4. Avoid Unfamiliar Bodies of Water
Bodies of water that neither you nor your Labrador are familiar with could harbor unforeseen danger. Snakes are common to many rivers and lakes. They tend to hide in all of those areas that curious dogs love to explore – under rocks, inside holes in the ground, etc.
Unfamiliar terrain, such as that which may have broken sea shells or sharp rocks, could also be a danger to your Labs’ feet.
Dogs will unavoidably ingest some of the water as they swim and play. Organisms in the water, such as blue-green algae, can cause complications with your dog’s intestinal system and can create ear, throat, eye, or skin problems.
5. Don’t Let Your Lab Get Over-Tired
Dogs can easily overestimate their own physical stamina and endurance while swimming. It’s a fun and exciting activity for them and they can easily get themselves into a situation where they don’t have the energy to get back to safety. The “constant supervision” rule applies here. Use the before-mentioned 20 to 30-foot rope method in order to pull him back to safety.
If your dog is in a pool, make sure you train him through repetition where the exits are and where he can get out safely. If he is swimming in a natural body of water, remember that swimming in a current will tire your dog out more quickly than if he were in a man-made lake or a pool.
Try to build up his stamina over time by regulating and gradually increasing his swim time durations.
6. Be Mindful of Cold Water
Unfortunately, your Dog is not able to tell you when he is too cold or too hot. Letting your dog swim in water that is too cold can put his body at risk of hypothermia. In instances of hypothermia, blood is diverted to vital organs like the heart, brain, and lungs, and away from his skin and extremities. As his legs work hard to swim, they experience a lack of necessary blood flow and become tired, increasing the risk of drowning.
The best rule of thumb is to use yourself as the guide. If the weather or water temperature is too cold for you to be in, it probably is for your dog as well.
How Do I Teach My Puppy to Like Water?
Beginning water training for a Labrador is best when done early. With gentleness, patience, and persistence, your Lab will become the water dog you always hoped he would be. Here are 5 tips for effectively and safely training your Labrador puppy to love water.
1. Start with Basic Commands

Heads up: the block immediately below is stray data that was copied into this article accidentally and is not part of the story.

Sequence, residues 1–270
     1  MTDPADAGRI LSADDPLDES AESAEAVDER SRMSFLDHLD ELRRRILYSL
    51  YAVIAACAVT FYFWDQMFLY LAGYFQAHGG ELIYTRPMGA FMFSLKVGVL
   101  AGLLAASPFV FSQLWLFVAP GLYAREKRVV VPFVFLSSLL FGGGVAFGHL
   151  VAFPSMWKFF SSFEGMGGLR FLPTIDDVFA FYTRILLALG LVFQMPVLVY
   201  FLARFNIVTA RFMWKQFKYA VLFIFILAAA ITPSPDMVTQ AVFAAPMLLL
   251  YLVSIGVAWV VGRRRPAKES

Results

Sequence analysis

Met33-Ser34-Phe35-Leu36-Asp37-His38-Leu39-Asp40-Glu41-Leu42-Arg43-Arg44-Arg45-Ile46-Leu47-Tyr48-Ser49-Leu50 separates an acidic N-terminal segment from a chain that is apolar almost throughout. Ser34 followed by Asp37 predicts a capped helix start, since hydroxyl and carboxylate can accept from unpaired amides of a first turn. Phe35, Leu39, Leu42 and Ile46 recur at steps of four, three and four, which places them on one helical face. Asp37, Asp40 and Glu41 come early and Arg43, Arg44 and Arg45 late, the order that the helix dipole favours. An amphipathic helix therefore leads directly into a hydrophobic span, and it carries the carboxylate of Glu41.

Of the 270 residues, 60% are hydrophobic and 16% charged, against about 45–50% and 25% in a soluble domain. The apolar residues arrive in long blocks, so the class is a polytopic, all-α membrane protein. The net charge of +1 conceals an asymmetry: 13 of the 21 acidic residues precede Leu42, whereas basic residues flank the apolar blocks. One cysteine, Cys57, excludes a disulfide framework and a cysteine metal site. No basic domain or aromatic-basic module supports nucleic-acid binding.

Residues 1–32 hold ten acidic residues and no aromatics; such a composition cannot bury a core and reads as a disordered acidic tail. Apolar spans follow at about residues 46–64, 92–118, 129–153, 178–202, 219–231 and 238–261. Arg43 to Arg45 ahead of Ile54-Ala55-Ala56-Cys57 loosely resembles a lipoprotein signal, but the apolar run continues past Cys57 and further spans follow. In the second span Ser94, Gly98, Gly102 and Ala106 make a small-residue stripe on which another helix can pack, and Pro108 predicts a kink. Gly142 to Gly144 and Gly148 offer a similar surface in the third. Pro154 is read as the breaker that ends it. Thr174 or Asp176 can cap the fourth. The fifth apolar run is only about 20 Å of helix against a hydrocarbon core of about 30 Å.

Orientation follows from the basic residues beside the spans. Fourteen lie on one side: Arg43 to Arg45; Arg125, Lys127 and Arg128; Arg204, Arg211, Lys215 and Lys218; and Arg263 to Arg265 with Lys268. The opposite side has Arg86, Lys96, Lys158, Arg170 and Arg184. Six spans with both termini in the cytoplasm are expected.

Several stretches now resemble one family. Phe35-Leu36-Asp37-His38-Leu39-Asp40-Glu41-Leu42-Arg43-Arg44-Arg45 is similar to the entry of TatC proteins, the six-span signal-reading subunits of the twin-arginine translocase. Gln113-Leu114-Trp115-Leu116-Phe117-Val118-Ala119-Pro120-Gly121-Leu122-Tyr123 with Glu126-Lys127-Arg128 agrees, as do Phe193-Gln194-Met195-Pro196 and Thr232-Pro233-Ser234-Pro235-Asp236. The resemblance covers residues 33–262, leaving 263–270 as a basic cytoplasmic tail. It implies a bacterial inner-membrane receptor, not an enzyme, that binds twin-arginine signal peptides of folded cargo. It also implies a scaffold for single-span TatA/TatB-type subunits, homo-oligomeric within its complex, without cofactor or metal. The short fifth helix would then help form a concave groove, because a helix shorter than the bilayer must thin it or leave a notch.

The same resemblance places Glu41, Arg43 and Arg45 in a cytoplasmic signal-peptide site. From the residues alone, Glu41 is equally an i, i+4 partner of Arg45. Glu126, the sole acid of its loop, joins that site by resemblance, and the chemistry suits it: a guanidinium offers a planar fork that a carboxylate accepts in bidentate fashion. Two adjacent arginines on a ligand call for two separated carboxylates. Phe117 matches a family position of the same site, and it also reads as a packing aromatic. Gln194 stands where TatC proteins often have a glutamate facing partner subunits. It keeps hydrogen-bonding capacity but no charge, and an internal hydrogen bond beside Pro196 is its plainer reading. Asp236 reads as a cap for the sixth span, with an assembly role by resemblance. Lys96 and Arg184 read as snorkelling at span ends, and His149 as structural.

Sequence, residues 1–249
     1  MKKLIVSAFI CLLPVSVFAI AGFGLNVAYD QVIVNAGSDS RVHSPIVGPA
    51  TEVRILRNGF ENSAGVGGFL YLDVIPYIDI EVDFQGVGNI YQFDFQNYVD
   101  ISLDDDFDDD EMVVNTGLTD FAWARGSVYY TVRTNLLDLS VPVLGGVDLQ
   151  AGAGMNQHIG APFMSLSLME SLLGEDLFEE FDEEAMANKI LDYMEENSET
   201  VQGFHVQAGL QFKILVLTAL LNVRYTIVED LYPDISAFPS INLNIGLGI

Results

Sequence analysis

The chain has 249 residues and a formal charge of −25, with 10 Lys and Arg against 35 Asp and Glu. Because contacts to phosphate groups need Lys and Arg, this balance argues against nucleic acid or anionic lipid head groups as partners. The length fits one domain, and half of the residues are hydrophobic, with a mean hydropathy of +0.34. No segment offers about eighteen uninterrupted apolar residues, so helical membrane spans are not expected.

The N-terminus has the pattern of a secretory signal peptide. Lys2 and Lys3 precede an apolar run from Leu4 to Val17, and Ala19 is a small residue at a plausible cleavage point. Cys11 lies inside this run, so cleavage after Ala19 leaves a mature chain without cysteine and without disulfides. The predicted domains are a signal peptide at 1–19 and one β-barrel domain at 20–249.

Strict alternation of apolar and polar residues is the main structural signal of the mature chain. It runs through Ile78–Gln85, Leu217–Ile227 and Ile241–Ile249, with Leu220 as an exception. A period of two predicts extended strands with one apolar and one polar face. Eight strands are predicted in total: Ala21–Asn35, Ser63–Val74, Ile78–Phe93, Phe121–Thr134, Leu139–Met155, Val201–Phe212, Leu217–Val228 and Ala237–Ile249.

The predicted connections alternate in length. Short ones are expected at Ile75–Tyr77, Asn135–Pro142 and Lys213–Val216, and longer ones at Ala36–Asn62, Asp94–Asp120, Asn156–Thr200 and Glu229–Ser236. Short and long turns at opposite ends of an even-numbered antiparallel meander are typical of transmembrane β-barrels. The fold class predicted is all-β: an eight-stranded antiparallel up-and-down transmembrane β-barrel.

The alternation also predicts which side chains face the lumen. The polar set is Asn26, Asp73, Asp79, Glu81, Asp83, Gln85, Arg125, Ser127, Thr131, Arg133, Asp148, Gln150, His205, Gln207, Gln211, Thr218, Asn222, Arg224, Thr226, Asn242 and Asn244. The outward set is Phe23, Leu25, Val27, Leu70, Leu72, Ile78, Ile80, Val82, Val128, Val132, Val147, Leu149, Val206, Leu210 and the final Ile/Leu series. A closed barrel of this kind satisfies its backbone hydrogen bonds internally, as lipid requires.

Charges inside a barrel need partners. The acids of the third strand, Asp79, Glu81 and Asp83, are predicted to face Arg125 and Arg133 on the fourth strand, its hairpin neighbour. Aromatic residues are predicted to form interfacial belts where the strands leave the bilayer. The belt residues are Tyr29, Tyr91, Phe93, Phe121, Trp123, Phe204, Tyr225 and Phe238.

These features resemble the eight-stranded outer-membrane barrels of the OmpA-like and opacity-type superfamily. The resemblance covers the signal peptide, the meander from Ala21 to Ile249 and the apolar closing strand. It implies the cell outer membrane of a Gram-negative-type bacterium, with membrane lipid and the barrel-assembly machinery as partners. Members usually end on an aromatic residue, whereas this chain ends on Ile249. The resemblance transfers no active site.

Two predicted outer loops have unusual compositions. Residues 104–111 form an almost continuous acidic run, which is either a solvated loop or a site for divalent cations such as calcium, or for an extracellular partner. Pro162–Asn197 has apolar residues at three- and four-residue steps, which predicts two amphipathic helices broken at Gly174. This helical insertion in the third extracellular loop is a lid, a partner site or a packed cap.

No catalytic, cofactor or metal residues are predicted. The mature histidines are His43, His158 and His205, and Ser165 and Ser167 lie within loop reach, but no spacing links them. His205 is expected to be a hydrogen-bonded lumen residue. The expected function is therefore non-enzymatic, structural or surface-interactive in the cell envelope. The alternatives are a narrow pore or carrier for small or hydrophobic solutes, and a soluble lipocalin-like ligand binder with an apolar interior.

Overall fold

It’s important that a good foundation is laid for training your Lab to be comfortable around water. Teaching him basic commands, such as sit, stay, come, heel, etc., will establish you as the pack alpha, will lay the proper foundation of basic obedience, and will pave the way for more advanced training concepts.
Practice these basic commands throughout the day and give positive reinforcement through rewards like dog treats.
2. Introduce Your Puppy to Water
It’s best to do this while the puppy is still young and playing on his own. Allow him to get his paws and legs wet in puddles. A garden hose can help create an area on the lawn where he can wade and splash. Fill a kiddie pool with water so that it is no more than chest-deep, and entice him into the water by encouraging him to fetch small toys.
3. Walk with Him near Bodies of Water
A beach near a lake, river, or ocean is a great place to introduce your puppy to larger bodies of water. Secure your Lab with a short leash and walk with him in the shallow water. Walking barefoot with him in the water will put him at ease and help him understand that the water is nothing to be afraid of.
Play fetch with him by tossing chew toys into the shallowest parts of the water. Then gradually toss the toy farther away from the shore, but where his feet can still touch the bottom. After he’s comfortable with deeper water, and If he’ll allow it, toss the toy where he has to swim just a little to retrieve it.
4. Swim in the Water with Him
Getting right in the water with your Lab and swimming with him is a great way to give him a sense of security and confidence in the water. Start by wading into the water with him and staying close to him as you swim together. It sometimes helps to place your hand under his torso as he learns to maneuver in the water.
If there is an opportunity to dive into the water from a structure like a pool deck, diving board, or dock, demonstrate that for him and then call him to you.
5. Let Him Swim with Other Dogs
Socialization is a great learning catalyst for dogs. Creating situations where he can watch other dogs play and swim in the water will help eliminate his fear and improve his enjoyment in the water.
Waterproof collars with polyurethane or nylon webbing are the best choice when your lab is in the water. They’re durable and won’t disintegrate like other natural materials. We hope we’ve given you some truly helpful tips in the article. With patience, persistence and lots of love, your Labrador will be enjoying the water happily and safely.